Donald Ingber Elected to the Institute of Medicine

Contributions to the nation’s health honored

Donald Ingber, Judah Folkman Professor of Vascular Biology in the Department of Pathology at Harvard Medical School and core faculty member at the Wyss Institute for Biologically Inspired Engineering at Harvard University, has been elected to the Institute of Medicine (IOM) of the National Academies, one of the highest honors in the field of medicine in the United States.

The IOM, with more than 1,700 members and foreign associates, recognizes individuals who have made seminal contributions to medicine, healthcare and public health. Its members serve on committees and boards that advise government agencies, policy makers and professionals on healthcare issues.

Don Ingber. Image courtesy of Wyss Institute

Ingber is being honored for his broad contributions to the field of biologically inspired engineering, and his pioneering interdisciplinary work in mechanobiology, angiogenesis and cell structure. Ingber is the founding director of the Wyss Institute, a professor of vascular biology at Boston Children's Hospital and professor of bioengineering at the Harvard School of Engineering and Applied Sciences. He also leads the biomimetic microsystems platform at the Wyss Institute, which engineers human “organs-on-chips” as replacements for animal testing in drug development and toxin testing.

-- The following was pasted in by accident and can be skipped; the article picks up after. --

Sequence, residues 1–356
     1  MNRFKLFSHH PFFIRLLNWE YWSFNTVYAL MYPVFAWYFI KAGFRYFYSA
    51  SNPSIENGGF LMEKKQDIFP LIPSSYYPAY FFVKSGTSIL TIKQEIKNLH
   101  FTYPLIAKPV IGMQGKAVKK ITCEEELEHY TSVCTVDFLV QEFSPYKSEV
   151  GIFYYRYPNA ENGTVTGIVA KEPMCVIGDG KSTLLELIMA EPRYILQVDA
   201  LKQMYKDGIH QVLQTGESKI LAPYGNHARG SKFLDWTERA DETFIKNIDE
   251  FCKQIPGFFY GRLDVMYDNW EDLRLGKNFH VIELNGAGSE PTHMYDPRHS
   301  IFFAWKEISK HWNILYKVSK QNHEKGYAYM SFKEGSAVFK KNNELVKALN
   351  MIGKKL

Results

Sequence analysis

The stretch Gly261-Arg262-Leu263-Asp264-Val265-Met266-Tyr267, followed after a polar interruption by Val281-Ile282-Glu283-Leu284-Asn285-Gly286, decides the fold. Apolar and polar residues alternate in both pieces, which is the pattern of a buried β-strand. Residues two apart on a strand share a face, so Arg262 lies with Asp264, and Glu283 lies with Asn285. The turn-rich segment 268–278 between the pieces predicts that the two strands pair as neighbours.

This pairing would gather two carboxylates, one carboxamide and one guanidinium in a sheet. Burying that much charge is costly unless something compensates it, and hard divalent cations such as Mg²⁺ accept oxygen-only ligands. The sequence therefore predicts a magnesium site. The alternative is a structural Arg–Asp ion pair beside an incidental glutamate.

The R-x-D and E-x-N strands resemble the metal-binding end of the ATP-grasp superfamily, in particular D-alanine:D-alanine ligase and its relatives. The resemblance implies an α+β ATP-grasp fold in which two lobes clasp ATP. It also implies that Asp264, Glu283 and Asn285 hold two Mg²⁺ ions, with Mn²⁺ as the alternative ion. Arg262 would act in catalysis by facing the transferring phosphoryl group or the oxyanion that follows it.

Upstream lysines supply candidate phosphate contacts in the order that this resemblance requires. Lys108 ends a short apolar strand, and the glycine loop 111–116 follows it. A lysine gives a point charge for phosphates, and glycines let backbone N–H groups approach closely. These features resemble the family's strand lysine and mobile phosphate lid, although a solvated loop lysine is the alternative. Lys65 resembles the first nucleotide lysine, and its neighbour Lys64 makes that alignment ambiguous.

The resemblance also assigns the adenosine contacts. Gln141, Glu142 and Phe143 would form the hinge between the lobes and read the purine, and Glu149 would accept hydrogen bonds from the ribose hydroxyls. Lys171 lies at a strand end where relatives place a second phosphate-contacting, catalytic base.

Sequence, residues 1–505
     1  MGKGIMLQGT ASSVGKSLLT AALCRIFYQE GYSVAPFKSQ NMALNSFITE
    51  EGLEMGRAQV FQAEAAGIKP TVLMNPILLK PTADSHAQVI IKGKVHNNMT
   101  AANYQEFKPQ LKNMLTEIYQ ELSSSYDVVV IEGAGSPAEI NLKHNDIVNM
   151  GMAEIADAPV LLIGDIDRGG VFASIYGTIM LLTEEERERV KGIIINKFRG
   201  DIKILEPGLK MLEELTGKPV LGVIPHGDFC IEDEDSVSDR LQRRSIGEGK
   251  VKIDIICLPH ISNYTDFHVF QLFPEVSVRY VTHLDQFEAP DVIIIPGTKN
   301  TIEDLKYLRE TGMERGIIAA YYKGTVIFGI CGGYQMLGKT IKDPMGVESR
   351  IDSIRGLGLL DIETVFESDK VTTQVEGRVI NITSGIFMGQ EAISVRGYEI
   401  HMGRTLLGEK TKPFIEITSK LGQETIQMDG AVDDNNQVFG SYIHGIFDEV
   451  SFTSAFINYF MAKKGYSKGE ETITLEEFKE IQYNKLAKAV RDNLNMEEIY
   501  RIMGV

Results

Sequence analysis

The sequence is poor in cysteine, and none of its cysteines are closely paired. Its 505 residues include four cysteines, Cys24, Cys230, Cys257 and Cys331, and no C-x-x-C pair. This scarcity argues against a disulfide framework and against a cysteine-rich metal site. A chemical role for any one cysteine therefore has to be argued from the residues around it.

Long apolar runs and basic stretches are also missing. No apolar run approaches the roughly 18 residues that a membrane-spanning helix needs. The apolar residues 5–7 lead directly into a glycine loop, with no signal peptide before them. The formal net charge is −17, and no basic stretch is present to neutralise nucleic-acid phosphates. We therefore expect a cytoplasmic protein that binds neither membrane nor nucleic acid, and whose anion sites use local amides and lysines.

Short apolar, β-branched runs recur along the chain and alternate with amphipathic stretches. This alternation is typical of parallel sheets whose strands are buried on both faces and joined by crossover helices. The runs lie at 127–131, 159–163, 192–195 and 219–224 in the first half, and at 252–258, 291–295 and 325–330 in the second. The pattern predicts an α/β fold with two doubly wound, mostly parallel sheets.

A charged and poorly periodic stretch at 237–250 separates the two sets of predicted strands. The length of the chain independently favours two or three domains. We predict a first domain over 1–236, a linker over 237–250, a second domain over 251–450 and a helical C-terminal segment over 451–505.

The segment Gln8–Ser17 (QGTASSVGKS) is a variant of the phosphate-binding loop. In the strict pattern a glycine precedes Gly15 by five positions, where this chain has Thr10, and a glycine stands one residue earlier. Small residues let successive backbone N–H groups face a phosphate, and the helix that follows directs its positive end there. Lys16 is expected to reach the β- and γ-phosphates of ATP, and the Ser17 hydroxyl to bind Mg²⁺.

Ingber, along with fellow core Wyss faculty member James Collins, the William F. Warren Distinguished Professor, University Professor and professor of biomedical engineering at Boston University, will be formally welcomed to the IOM at next year’s annual meeting in October. Ingber and Collins join 70 new members and 10 foreign associates elected this year.

“It’s an enormous honor to be inducted as a member in this illustrious organization of our nation’s leading physicians and medical researchers—and to be able to do so with my friend and fellow colleague Jim Collins makes it extra special, not only for me, but the entire Wyss community,” says Ingber.

“The Wyss is breaking down the walls between biology and engineering in ways that are incredibly exciting for human health,” says Jeffrey Flier, dean of HMS. “It’s thrilling to see such pioneering work acknowledged by the Institute of Medicine.”

This story was adapted from a Wyss Institute news release.